(Bloomberg) -- When he started at the CIA, Sean Roche recalls how little solid data the U.S. spy agency had on what was going on inside the Kremlin.
"We would look at black-and-white pictures of old men standing on a wall with fur hats on at a May Day parade and try to figure out who was next in the succession and who’s going to croak," Roche, 53, said in an interview, contrasting the relative lack of data during the Cold War with the digital deluge the agency has to sort through today.
That trove of information is both a godsend for intelligence collection and a challenge to the Central Intelligence Agency’s clandestine tradecraft. As the CIA’s associate deputy director for digital innovation, he’s working on that balance while also protecting the agency’s own computer systems and the U.S. generally from foreign cyber threats.
Today “people are putting all their thoughts, their conversations, their movements, their ideas into this digital stream," Roche said July 30 on the sidelines of the annual Aspen Security Forum in Colorado. A career CIA official, Roche joined the agency’s new Directorate for Digital Innovation, which opened in October, after serving as deputy director for science and technology.
Roche wouldn’t comment on recent hacking incidents, including breaches of the Democratic National Committee’s system and a data analytics program used by presidential nominee Hillary Clinton’s campaign, attacks that technology experts attribute to Russia. But he said that Russia, China, Iran and North Korea top the list of nations posing cybersecurity threats to the U.S. government and its contractors.
"They’re targeting data of all forms," Roche said, looking for information that gives them trade secrets or information about Americans that would help them achieve a national objective. Other cases involve "plain-old thuggery," Roche said, creating a nuisance and leaving a blatant trail to identify the source of the attack because "attribution feeds a national need for esteem.”
Attacks are often made possible on the receiving end by a "well-meaning but incompetent insider," Roche said, which includes those overseeing information technology systems and staffers who fall for targeted phishing attacks that lure them into clicking on a seemingly innocent link.
While some breaches happen quickly, Roche said last year’s hack of the Office of Personnel Management, which compromised data on 21.5 million individuals and has been linked to Chinese hackers, "opened people’s eyes. When you have an entity in there for months, they will patiently wait there" and seize data, he said.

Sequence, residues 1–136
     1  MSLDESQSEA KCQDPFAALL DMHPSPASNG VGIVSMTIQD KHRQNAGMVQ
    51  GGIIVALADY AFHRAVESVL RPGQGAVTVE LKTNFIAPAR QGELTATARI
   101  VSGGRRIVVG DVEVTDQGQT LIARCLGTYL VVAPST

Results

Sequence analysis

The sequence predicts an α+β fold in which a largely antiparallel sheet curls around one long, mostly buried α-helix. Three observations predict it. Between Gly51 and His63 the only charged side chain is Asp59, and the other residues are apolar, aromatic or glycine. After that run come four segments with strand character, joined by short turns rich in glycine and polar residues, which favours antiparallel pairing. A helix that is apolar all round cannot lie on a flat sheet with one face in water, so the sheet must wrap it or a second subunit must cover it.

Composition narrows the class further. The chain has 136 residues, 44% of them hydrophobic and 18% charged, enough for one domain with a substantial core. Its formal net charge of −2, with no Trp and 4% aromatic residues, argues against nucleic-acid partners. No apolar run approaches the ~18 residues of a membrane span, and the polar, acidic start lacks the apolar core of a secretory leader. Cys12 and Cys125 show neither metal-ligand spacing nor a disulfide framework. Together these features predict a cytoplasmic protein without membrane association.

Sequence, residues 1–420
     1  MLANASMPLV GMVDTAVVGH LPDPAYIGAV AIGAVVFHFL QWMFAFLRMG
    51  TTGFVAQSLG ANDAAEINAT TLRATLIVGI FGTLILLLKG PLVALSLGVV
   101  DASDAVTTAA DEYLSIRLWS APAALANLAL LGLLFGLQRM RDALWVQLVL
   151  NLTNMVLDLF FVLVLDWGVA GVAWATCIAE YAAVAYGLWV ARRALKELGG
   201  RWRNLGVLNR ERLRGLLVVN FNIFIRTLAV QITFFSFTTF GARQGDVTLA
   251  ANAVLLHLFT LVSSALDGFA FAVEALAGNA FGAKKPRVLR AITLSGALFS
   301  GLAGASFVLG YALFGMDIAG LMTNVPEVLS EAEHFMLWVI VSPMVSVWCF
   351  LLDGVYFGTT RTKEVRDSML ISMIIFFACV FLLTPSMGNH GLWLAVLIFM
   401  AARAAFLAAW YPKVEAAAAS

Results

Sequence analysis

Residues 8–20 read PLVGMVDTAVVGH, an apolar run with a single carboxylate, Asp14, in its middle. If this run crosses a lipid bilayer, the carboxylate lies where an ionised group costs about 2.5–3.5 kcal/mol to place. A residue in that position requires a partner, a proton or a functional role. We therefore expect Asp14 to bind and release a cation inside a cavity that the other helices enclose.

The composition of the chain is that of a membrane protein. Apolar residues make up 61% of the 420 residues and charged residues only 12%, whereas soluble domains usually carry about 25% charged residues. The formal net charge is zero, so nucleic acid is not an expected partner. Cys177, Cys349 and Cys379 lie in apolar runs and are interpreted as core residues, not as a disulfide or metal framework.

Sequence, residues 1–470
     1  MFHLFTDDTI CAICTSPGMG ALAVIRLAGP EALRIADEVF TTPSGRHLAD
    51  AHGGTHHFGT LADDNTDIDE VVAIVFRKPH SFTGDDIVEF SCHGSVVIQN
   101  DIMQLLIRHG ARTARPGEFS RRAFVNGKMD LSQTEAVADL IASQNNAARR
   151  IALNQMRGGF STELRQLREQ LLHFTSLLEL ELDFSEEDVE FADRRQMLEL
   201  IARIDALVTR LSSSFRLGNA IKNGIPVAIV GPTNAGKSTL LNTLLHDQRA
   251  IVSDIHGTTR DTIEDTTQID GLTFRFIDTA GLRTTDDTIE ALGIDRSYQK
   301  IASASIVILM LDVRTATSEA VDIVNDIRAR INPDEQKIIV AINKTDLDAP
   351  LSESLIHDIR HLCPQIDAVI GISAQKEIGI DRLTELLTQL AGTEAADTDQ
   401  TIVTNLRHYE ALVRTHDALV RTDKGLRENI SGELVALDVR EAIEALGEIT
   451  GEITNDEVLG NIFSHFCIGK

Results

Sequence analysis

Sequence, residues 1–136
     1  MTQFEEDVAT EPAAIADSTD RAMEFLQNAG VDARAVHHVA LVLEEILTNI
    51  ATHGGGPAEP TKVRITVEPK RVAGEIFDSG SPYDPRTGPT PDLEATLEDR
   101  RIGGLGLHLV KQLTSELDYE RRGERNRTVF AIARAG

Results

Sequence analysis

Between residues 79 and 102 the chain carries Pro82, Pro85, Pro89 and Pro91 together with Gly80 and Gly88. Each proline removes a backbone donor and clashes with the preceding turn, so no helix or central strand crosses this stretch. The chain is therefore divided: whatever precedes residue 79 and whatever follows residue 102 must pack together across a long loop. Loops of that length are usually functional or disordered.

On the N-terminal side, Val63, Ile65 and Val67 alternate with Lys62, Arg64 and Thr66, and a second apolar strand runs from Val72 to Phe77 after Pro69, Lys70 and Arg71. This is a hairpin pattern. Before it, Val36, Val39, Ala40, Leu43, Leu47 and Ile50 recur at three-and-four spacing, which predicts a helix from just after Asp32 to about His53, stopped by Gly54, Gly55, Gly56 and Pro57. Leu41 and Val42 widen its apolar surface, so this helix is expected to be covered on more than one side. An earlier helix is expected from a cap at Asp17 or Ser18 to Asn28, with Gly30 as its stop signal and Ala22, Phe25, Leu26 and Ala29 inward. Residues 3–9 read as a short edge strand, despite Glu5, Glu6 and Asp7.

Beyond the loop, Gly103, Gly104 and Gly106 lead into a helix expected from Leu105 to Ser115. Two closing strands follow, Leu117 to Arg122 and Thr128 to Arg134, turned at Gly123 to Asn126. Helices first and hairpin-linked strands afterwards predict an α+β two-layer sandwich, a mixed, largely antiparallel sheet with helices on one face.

Roche’s division was the first directorate the CIA added in half a century. His responsibilities include updating the agency’s older systems, which aren’t compatible with current technology and in some cases can’t even accommodate encryption. The directorate also combined those handling the agency’s information technology and internet systems with the team that monitors global cyber threats.
"We get very good insights into what the cyber actors are doing and we stop them before they get to our door," Roche said.
In a digital age, Roche said the secretive CIA has embraced the inevitability that new workers “come in with digital dust and a digital background” that can’t be erased. The agency also has to let its workers operate in the online and mobile world without divulging what they are doing and who they are working for, he added.
"The people that we are interested in are giving off digital dust as well," he said. "There are very few Ted Kaczynskis living in a cabin up in the woods totally disconnected," Roche said, referring to the killer known as the Unabomber, who was ultimately found in isolation.
Given the CIA’s well-known brand, Roche said he hasn’t had trouble filling his cyber workforce. "We have agency officers boomeranging and coming back after being successful in venture capital, after being successful in the IT industry, and then coming back to the agency to serve with all of that knowledge as very senior leaders," he said.
Roche said he’s also trying to bring more ethnic diversity to his teams through contacts with groups promoting science and technology among minorities.
"When I think about the IT business, it’s typically skinny-armed white males playing World of Warcraft," he said. "We’re changing that."
Burned-out traders and investors also have sought second careers at the CIA, he said. "We get a lot from Wall Street who say, ‘This was interesting when I got out of college but I’m looking for something more meaningful,’" he said. "They come to us and they knock on the door."
Register or login for access to this item and much more
All Information Management content is archived after seven days.
Community members receive:
- All recent and archived articles
- Conference offers and updates
- A full menu of enewsletter options
- Web seminars, white papers, ebooks
Already have an account? Log In
Don't have an account? Register for Free Unlimited Access